When you’re cold, blood vessels in your skin, arms, and legs
constrict, decreasing the blood flow to your extremities. This
helps your critical organs stay warm, but you risk frostbite in
The wind accelerates heat loss. For example, when the air
temperature is -30°C,
•	 with 16 km/h wind (a flag will be fully extended) your
skin can freeze in about a minute
•	 with 48 km/h wind your skin can freeze in 30 seconds.
This means that your flesh freezes. Blood vessels are damaged
and the reduced blood flow can lead to gangrene. Frostbitten
skin looks waxy and feels numb. Once tissue becomes hard,
it’s a medical emergency.
•	 Get medical aid.
•	 Warm area with body heat—do not rub.
•	 Don’t thaw hands and feet unless medical aid is distant
and there’s no chance of refreezing. Body parts are better
thawed at a hospital.
This means your core temperature drops. Moderate symp-
•	 blue lips and fingers
slow breathing and heart rate
•	 disorientation and confusion
•	 poor coordination.
•	 heart slowdown to the point where pulse is irregular or
hard to find
•	 no shivering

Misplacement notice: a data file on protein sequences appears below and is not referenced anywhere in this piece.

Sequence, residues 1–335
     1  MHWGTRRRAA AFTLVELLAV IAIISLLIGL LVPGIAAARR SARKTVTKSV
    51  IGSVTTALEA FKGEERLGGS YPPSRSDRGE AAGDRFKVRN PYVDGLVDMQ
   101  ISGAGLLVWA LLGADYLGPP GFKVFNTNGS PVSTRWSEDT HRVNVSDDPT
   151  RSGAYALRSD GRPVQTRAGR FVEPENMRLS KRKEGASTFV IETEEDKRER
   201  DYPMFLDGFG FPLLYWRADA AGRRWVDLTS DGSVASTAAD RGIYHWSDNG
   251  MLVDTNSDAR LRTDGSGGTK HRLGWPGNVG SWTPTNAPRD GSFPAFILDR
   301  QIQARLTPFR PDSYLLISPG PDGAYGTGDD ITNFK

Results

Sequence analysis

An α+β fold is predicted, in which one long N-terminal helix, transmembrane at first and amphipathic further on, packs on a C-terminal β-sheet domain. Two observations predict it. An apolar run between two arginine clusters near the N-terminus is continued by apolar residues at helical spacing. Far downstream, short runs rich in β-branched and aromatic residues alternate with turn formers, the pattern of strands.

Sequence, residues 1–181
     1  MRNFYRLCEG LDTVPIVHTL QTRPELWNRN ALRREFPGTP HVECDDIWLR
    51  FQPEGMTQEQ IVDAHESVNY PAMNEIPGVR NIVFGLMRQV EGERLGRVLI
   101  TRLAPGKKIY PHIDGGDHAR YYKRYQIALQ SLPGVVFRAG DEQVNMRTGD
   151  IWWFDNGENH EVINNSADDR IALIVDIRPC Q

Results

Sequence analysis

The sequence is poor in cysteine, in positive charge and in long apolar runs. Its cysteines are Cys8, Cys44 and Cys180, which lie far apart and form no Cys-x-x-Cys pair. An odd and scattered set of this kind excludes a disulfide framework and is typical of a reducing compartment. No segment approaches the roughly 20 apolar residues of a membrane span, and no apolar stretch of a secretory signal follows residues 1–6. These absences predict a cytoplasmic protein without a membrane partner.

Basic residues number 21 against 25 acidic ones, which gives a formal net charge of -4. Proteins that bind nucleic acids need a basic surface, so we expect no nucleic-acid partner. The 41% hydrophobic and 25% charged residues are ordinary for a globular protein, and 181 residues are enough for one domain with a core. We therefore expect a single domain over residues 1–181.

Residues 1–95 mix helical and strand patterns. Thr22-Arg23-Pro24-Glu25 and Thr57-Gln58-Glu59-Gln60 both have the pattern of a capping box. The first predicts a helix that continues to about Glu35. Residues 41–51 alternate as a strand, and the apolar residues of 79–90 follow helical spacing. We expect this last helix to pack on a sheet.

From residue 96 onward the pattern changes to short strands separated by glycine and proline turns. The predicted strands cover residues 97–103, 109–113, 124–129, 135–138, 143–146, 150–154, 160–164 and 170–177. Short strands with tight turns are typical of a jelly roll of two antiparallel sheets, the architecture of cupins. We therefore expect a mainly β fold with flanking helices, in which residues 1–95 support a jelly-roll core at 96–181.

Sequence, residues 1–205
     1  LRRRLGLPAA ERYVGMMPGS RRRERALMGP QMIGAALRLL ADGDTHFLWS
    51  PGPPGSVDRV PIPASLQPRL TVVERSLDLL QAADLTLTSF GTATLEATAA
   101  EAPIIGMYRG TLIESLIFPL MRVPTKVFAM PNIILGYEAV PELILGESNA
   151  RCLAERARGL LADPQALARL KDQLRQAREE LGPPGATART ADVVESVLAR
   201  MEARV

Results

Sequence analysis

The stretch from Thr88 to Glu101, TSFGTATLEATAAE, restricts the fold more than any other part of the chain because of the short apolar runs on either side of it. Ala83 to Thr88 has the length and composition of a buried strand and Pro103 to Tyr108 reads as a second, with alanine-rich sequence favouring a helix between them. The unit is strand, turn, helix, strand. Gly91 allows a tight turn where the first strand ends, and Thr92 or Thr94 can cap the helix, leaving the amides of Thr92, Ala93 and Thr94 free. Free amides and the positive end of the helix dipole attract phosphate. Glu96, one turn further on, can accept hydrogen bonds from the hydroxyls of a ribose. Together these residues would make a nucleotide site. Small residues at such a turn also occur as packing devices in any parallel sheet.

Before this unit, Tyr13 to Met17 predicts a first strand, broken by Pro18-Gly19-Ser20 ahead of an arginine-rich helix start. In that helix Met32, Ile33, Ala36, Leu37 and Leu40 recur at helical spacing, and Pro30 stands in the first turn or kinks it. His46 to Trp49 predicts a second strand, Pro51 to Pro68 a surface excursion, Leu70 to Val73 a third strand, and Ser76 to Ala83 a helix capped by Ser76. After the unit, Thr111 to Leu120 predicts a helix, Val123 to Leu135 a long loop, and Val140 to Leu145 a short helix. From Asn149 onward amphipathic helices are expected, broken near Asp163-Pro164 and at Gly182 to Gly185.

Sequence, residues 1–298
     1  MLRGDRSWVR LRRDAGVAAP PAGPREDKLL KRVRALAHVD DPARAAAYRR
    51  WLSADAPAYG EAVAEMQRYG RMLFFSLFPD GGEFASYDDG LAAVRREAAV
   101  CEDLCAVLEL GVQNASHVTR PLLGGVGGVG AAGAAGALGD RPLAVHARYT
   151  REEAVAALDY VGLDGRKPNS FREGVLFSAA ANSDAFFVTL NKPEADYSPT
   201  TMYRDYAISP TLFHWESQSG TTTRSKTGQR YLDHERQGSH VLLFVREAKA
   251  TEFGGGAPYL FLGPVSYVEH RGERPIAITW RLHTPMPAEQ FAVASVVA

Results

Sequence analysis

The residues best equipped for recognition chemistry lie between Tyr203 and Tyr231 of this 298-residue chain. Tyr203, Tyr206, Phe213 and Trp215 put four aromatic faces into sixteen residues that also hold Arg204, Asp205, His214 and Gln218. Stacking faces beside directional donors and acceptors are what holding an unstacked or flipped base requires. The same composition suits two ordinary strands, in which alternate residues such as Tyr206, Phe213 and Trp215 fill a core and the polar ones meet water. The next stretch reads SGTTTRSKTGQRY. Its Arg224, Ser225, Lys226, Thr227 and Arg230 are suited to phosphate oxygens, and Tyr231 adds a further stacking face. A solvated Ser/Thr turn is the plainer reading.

•	 no detectable breathing
resembles death—assume casualty is alive.
•	 Hypothermia can kill—get medical aid immediately.
•	 Carefully remove casualty to shelter. (Sudden movement
can upset heart rhythm.)
•	 Keep casualty awake.
•	 Remove wet clothing and wrap casualty in warm covers.
•	 Apply direct body heat—rewarm neck, chest, abdomen,
and groin, but not extremities.
If conscious, give warm, sweet drinks.
Here’s how to control cold stress:
•	 Wear several layers of clothing rather than one thick layer
to capture air as an insulator.
•	 Wear synthetic fabrics next to the skin to “wick” away
If conditions require, wear a waterproof or windresistant
•	 Wear warm gloves.
•	 Wear hats and hoods. You may need a balaclava.
•	 Tight-fitting footwear restricts blood flow. You should be